Abraham Lincoln, if he were alive and brought up to speed. However, here and now we get to choose between Trump and Clinton. There are no other choices, and if you are able to vote, whatever you do—vote, don’t vote, vote for a splinter party candidates, or write in someone—will help either Trump or Clinton win, given your own situation.

This time around we’re in an unusual situation because the best candidate of the two for liberals is Clinton, but the best candidate for conservatives is also Clinton, who’s also the best candidate for moderates.

This is because the Republican candidate lacks both the preparation and the temperament required of a President. Whatever you think of Clinton, you know she can do the job. There probably has never been a candidate for the American presidency who understands exactly what the job entails as well as she does.

For moderates it’s a no-brainer, because she’s a moderate.

For liberals Trump is an abomination—a swindler and con artist and thin-skinned bully who’d be the bull in the china shop, so for them it should also be a no-brainer.

For small-c conservatives it’s painful. Their rational choice among this year’s Republican candidates would probably have been Jon Kasich, but he’s not available.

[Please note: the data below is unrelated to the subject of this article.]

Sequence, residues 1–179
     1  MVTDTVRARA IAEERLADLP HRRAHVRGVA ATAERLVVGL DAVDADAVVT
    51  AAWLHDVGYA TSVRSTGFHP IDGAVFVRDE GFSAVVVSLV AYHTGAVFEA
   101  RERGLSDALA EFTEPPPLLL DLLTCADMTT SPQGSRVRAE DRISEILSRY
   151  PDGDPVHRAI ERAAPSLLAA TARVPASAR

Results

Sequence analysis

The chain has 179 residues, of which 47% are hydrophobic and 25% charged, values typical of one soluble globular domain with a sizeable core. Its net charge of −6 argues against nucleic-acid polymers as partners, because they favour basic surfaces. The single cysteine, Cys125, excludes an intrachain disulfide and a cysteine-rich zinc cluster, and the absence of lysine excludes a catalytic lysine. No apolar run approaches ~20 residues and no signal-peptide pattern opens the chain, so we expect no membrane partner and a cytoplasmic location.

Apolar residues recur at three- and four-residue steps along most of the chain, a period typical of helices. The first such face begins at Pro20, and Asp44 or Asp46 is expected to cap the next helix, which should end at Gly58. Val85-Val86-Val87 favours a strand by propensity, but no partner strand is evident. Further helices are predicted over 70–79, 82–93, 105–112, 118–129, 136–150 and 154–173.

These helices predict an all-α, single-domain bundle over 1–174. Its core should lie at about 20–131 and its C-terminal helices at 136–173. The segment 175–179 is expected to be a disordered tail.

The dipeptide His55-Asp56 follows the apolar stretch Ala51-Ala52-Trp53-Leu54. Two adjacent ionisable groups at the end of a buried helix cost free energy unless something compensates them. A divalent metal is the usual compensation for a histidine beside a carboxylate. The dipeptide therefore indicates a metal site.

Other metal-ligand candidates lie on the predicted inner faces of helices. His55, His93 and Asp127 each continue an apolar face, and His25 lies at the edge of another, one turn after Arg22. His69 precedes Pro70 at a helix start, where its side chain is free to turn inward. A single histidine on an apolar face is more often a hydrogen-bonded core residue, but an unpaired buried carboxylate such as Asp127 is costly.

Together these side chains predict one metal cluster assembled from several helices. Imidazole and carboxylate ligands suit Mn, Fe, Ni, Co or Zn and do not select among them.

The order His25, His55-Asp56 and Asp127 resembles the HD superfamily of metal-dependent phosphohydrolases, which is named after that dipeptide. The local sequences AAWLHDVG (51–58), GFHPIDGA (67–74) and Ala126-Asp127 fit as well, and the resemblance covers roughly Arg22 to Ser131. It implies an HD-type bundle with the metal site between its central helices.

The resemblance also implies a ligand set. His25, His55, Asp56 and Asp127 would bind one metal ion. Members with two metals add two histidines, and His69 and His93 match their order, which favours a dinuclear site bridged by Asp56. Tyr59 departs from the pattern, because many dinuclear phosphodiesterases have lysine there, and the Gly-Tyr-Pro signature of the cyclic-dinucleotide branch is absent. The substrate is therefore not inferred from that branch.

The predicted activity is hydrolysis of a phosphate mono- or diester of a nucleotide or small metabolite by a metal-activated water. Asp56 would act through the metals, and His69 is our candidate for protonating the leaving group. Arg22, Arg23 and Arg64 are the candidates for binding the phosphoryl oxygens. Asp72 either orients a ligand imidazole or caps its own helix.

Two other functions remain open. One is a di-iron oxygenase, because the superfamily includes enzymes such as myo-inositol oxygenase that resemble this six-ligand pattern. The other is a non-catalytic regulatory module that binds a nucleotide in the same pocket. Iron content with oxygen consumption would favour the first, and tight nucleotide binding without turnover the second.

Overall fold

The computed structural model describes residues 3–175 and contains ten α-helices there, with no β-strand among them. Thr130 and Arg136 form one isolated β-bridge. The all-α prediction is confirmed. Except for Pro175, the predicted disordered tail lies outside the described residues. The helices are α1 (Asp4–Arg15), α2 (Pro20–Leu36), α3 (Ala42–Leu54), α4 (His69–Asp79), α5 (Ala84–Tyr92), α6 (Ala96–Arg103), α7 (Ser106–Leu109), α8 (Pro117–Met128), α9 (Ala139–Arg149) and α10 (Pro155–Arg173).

And for them I’d say Clinton is a more conservative choice than Trump. I mean, face it—she’d be presiding while the House remains firmly in Republican control, so not one of her policies will be implemented if it needs legislation or new funding. But at the same time she’d prevent the runaway spending that happened the last time a Republican President had a Republican Congress and Supreme Court.

In terms of social policy, remember that we’re electing a President, not a monarch. No President can pass laws single-handedly. Or appoint judges. Even if the Senate goes Democratic, it won’t have a filibuster-proof Democratic majority, so Supreme Court nominations wouldn’t fly unless they as moderate as someone like Judge Garland, who even Chief Justice Roberts approves of, and he’s certainly a conservative.

And from a small-c conservative viewpoint, you know that Clinton wouldn’t do anything startling. She’s a steady-as-she-goes type of politician. Whereas Trump seems capable of anything, as his mercurial moods strike him. It’s not surprising that he admires Putin, who’s a similar personality type.

I’ve never seen so many conservatives—from grassroots up into Washington DC Republicans—who are as opposed to the Republican nominee as they are to Trump, and it’s centered on nonpartisan things. His temperament. His grasp of the job. The likelihood that he would damage the Republican brand severely if he won.

I have not in my lifetime—and I’m old—seen a presidential candidate of either party who seemed so unsuited to the job, and whose background outside politics gave so little “outside” source of confidence in him either.

Clinton is imperfect but she’s in the ballpark. Trump isn’t in the ballpark.

That’s what it boils down to.

Source: https://www.quora.com/Who-do-you-thi...next-president

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